US 6024473 A
A motor vehicle headlight reflector and a headlight constructed therefrom, wherein the reflector comprises a plurality of laterally juxtaposed zones bounding transition lines with a break of slope. Each zone has a smooth reflective surface and is adapted to spread light horizontally between two limits obtained in the immediate vicinity of the transition lines. The limits of horizontal spread in each zone varies progressively with displacement along the transition line concerned. The invention also includes a method of making the motor vehicle headlight reflector.
1. A motor vehicle headlight reflector for reflecting light from a light source comprising:
a plurality of zones with smooth reflective surfaces,
the zones being juxtaposed laterally to each other and defining transition lines with a break of slope joining each zone to the next,
the zones being delimited by the transition lines,
each zone being adapted to spread light from the light source between two limits of horizontal spread,
each limit of horizontal spread in each zone varying progressively with displacement along the transition line concerned,
wherein the smooth reflective surface of each of the zones close to the center of the reflector is defined by a non-parabolic horizontal generatrix and a vertical cross section giving progressive controlled upward and downward defocalization, the defocalization being adjusted to allow for progressive variation in the limits of horizontal spread.
2. The reflector according to claim 1, wherein the reflector further comprises adjacent zones bounding the center of the reflector, the limit of horizontal spread of light in at least one adjacent zone diminishing progressively upward and downward from the center.
3. The reflector according to claim 1, wherein the horizontal generatrices are designed to give spreading by divergence.
4. The reflector according to claim 3, wherein the reflector further comprises side edges, wherein the horizontal generatrices and the position of the transition lines of the zones are designed such that the limits of horizontal spread in each zone diminish progressively from the center towards the side edges.
5. The reflector according to claim 4, wherein the horizontal spread in each zone is symmetrical.
6. The reflector according to claim 4, wherein the horizontal spread in each zone is asymmetrical.
7. The reflector according to claim 1 having a horizontal cut-off line, wherein the reflective surface of at least some of the zones give a defocalization below and essentially level with the horizontal cut-off line.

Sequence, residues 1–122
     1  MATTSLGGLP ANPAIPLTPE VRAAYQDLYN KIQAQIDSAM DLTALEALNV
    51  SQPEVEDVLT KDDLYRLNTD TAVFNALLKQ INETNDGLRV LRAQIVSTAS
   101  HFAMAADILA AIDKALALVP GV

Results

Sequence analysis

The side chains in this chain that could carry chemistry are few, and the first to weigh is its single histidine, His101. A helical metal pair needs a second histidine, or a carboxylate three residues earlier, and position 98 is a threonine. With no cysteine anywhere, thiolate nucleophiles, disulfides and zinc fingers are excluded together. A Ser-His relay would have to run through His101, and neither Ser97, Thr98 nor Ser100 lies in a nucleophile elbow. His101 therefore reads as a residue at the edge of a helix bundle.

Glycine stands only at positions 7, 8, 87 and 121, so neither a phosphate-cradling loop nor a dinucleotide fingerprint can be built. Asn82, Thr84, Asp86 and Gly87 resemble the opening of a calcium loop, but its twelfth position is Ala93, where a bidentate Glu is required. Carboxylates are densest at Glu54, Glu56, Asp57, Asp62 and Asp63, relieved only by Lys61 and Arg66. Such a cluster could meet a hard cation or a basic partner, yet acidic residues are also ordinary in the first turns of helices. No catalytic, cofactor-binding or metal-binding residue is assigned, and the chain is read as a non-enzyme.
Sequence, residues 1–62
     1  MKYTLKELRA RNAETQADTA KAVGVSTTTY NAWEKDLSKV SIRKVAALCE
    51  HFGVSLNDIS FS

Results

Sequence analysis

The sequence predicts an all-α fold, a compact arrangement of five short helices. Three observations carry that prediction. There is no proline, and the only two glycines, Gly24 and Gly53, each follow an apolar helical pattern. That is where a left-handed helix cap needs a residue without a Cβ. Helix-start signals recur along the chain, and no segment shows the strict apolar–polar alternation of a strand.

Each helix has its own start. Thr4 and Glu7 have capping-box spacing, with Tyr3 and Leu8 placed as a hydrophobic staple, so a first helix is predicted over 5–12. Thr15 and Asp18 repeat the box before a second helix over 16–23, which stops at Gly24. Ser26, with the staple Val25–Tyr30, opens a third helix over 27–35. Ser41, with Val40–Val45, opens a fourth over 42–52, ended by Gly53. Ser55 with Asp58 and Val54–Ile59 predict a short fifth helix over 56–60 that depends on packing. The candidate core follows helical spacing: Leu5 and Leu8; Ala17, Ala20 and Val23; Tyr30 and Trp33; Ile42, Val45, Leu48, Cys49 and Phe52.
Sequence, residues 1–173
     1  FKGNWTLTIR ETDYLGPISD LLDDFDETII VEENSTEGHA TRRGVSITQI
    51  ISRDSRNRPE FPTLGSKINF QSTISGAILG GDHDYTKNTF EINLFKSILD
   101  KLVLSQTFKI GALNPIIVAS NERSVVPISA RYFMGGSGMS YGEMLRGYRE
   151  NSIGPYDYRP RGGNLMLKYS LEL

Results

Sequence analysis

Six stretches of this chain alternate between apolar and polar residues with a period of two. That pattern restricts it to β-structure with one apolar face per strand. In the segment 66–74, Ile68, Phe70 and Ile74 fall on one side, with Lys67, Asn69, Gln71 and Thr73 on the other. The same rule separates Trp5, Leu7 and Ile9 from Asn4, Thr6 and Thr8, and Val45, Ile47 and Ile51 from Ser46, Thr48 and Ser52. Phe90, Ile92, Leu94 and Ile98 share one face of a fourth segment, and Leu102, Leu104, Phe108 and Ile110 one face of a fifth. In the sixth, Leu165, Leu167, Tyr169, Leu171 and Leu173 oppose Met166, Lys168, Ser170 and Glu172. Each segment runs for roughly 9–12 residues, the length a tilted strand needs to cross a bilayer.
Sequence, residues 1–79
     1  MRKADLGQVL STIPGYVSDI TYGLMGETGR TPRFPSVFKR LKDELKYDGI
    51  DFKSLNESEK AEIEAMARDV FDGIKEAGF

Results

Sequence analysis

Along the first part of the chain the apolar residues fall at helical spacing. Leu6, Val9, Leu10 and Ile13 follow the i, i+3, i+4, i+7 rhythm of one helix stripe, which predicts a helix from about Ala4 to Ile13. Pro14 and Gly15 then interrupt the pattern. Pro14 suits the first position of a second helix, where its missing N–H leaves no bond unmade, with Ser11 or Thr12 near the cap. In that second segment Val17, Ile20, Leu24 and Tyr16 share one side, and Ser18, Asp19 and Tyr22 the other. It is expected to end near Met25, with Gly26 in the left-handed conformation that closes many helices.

8. The reflector according to claim 7 having a further cut-off line offset from the horizontal cut-off line and at least one further laterally juxtaposed zone wherein the reflective surface of the further laterally juxtaposed zone gives defocalization below and essentially level with the further cut-off line.
9. The reflector according to claim 8, wherein the further cut-off line is offset angularly from the horizontal cut-off line.
10. The reflector according to claim 8, wherein the further cut-off line is offset in height with respect to the horizontal cut-off line.
11. A method of making a motor vehicle headlight reflector comprising the steps of:
defining a plurality of reflective surfaces, each reflective surface having a non-parabolic horizontal generatrix and a vertical cross section giving progressive upward and downward defocalization;
adjusting the position of the horizontal generatrices and adjusting the defocalization of each reflective surface such that the reflective surfaces intersect along transition lines, and each reflective surface gives a horizontal spread which may be progressively varied;
machining a mold in which to mold the horizontally juxtaposed zones comprising the respective portions of the reflective surfaces bounded by the transition lines; and
molding the reflector in the mold.
12. The method according to claim 11, wherein the step of adjusting the position of the horizontal generatrices is performed as a function of the required position, in the lateral direction, of the transition lines between the different zones.
13. The method according to claim 11, wherein the step of adjusting the defocalization is performed as a function of the required magnitude of the variation in horizontal spread along the transition lines.
14. A motor vehicle headlight comprising:
a light source, a reflector, and a cover lens,
said reflector comprising a center and a plurality of laterally juxtaposed zones bounded by transition lines,
said laterally juxtaposed zones having smooth reflective surfaces,
said transition lines having a break of slope, and
said smooth reflective surface of each of the zones close to the center of the reflector being defined by a non-parabolic horizontal generatrix.
15. A motor vehicle headlight comprising:
a light source, the motor vehicle headlight reflector of claim 1, and a cover lens.
16. The reflector according to claim 1 wherein the non-parabolic horizontal generatrix of each of the zones close to the center of the reflector is progressively less and less parabolic, the closer the zone is to the center of the reflector.
Reference is first made to FIG. 1, which shows three-dimensional cartesian coordinates in which 0X is horizontal and perpendicular to the optical axis, 0Y being the optical axis and 0Z being vertical.